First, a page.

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Dissertation: Microsystems for Biological Cell Characterization

17.10.2012


VTT’s Research Scientist Anna Rissanen describes in her doctoral thesis three techniques for the characterization of living cells using micro-electro-mechanical systems (MEMS) based devices. Rissanen will present her dissertation “Microsystems for biological cell characterization” at the Aalto University School of Electrical Engineering on 19 October.

The study of cellular function and structure is essential for bioprocess control, disease diagnosis, patient treatment and drug discovery. Microsystem technology enables characterization of very small samples, minimal use of expensive reagents, testing of multiple samples in parallel, and point-of-care testing, all of which increase throughput and reduce the analysis cost. The three characterization techniques presented in this thesis could be integrated into a microfluidic cellular total analysis system to obtain complementary information of cellular function.

This dissertation describes three techniques for the characterization of living cells using micro-electro-mechanical systems (MEMS) based devices. The study of cellular function and structure is essential for bioprocess control, disease diagnosis, patient treatment and drug discovery. Microsystem technology enables characterization of very small samples, minimal use of expensive reagents, testing of multiple samples in parallel, and point-of-care testing, all of which increase throughput and reduce the analysis cost. The three characterization techniques presented in this thesis could be integrated into a microfluidic cellular total analysis system to obtain complementary information of cellular function.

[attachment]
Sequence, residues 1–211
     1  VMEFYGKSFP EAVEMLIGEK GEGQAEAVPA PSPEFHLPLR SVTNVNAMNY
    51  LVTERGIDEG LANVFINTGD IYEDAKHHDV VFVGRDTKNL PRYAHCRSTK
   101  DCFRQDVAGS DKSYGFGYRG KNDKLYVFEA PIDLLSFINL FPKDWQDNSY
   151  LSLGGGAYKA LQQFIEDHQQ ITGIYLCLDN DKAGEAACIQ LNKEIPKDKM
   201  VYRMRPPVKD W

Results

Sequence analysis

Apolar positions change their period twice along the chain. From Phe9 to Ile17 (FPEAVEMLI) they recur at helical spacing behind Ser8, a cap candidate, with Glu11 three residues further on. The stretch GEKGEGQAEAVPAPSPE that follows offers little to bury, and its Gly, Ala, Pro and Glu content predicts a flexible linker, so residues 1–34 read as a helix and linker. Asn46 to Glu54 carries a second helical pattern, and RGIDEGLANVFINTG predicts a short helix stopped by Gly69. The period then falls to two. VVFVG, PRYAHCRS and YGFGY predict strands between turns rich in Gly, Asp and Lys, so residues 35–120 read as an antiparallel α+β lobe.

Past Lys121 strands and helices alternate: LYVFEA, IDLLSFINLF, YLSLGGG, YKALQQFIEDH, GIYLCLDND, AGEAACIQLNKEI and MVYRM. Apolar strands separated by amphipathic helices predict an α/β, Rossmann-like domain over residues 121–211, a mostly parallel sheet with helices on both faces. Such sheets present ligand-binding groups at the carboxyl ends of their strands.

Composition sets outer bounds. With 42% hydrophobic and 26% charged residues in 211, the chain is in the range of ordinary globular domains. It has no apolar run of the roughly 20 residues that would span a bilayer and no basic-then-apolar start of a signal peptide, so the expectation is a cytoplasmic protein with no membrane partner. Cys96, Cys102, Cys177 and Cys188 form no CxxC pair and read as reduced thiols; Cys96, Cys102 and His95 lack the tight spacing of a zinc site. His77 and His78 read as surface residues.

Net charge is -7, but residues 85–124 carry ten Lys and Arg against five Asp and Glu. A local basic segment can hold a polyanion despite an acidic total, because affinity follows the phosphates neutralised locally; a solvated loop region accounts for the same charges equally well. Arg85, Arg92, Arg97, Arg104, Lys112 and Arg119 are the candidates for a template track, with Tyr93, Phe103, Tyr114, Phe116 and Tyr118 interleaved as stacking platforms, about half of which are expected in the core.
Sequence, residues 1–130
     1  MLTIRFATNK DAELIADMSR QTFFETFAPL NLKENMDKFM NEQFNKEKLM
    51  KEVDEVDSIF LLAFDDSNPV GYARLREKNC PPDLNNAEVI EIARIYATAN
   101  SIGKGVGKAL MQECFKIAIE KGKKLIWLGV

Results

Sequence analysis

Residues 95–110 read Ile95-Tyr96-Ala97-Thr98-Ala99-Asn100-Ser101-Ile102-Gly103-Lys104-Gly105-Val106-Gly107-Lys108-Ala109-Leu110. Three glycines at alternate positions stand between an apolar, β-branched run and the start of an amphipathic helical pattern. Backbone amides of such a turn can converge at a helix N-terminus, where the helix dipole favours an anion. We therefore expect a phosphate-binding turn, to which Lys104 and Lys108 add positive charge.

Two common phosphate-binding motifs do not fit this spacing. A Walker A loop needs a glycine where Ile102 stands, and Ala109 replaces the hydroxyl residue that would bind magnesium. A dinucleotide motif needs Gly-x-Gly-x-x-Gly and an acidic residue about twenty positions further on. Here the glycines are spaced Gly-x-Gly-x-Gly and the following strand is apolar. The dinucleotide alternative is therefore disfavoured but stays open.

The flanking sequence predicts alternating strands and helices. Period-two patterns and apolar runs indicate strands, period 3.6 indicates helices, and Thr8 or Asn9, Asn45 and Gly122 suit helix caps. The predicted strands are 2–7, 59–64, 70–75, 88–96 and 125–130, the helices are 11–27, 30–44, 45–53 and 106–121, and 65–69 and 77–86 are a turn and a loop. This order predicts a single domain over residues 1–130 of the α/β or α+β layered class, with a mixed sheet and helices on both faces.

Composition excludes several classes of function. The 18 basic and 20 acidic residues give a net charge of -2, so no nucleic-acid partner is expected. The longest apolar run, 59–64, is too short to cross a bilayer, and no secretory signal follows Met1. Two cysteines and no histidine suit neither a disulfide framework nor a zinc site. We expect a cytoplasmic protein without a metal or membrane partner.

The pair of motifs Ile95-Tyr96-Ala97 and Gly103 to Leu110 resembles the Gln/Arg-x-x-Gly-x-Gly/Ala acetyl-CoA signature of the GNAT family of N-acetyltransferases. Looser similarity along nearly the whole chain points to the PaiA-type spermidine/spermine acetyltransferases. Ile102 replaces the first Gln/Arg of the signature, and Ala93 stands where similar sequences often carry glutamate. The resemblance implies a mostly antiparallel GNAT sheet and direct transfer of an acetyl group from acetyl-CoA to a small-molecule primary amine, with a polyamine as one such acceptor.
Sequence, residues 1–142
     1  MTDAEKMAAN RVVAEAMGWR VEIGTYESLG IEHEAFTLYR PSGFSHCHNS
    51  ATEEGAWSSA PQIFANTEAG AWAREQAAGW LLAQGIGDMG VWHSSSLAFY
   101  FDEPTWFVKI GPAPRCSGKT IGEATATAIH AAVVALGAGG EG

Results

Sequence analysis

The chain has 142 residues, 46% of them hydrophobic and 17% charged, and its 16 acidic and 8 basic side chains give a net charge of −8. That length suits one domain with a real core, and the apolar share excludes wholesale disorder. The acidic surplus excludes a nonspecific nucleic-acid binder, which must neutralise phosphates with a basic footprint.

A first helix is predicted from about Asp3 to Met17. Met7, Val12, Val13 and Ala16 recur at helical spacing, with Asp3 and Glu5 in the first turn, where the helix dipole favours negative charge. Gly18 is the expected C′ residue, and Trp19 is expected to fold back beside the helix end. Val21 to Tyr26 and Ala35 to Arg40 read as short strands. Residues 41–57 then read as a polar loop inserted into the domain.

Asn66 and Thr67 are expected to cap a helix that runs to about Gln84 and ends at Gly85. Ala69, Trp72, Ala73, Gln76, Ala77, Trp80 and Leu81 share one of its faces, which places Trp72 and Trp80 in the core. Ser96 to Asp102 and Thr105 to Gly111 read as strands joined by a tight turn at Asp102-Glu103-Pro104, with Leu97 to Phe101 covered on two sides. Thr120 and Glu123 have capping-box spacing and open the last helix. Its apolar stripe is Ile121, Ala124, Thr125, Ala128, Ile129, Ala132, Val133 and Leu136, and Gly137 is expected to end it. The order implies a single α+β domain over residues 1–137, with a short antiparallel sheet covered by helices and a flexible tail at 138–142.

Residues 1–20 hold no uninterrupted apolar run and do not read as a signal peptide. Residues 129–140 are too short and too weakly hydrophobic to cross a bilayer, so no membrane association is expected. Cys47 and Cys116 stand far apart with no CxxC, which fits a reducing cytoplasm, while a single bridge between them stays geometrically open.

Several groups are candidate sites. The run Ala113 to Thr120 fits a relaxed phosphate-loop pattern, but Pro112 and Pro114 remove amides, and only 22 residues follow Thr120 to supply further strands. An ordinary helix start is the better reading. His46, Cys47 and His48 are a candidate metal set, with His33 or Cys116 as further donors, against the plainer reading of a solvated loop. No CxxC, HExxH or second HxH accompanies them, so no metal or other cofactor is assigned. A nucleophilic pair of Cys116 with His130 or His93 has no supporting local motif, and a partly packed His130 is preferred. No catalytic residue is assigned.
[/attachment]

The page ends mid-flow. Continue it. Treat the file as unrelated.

The first part of the thesis presents the characterization of bovine adrenal cortex capillary endothelial cells by impedance spectroscopy in a microsystem which was realized using microfabrication techniques. The microsystem consists of a small-volume cell culture area defined on PDMS walls on a glass substrate with gold electrodes coated with a self-assembled monolayer to enable cell attachment. As the main result, it was possible to monitor the capillary formation of BACC endothelial cells in a microsystem using impedance spectroscopy.

The second part describes calorimetric characterization of Saccharomyces cerevisiae yeast cells using a MEMS-based nanocalorimetric microsensor. The cells are introduced to the sensor membrane in small droplets (~1 µl), and the sensor thermopile voltage output is compared to the output of the reference water droplet to extract the effect of sample evaporation.

The third part describes the design, process integration and fabrication of an electrically tunable Fabry-Perot interferometer (FPI) monolithically integrated on a photodiode for visible spectrum measurements. The options for the process integration of separate FPI optical filters are presented. The application of miniature spectrometers based on MEMS FPI technology in biological cell characterization is discussed.

Dissertation: http://www.vtt.fi/inf/pdf/science/2012/S14.pdf


Additional information

Anna Rissanen
Research Scientist
+358 20 722 6658

 

 

Additional information

Anna Rissanen
Research Scientist
+358 20 722 6658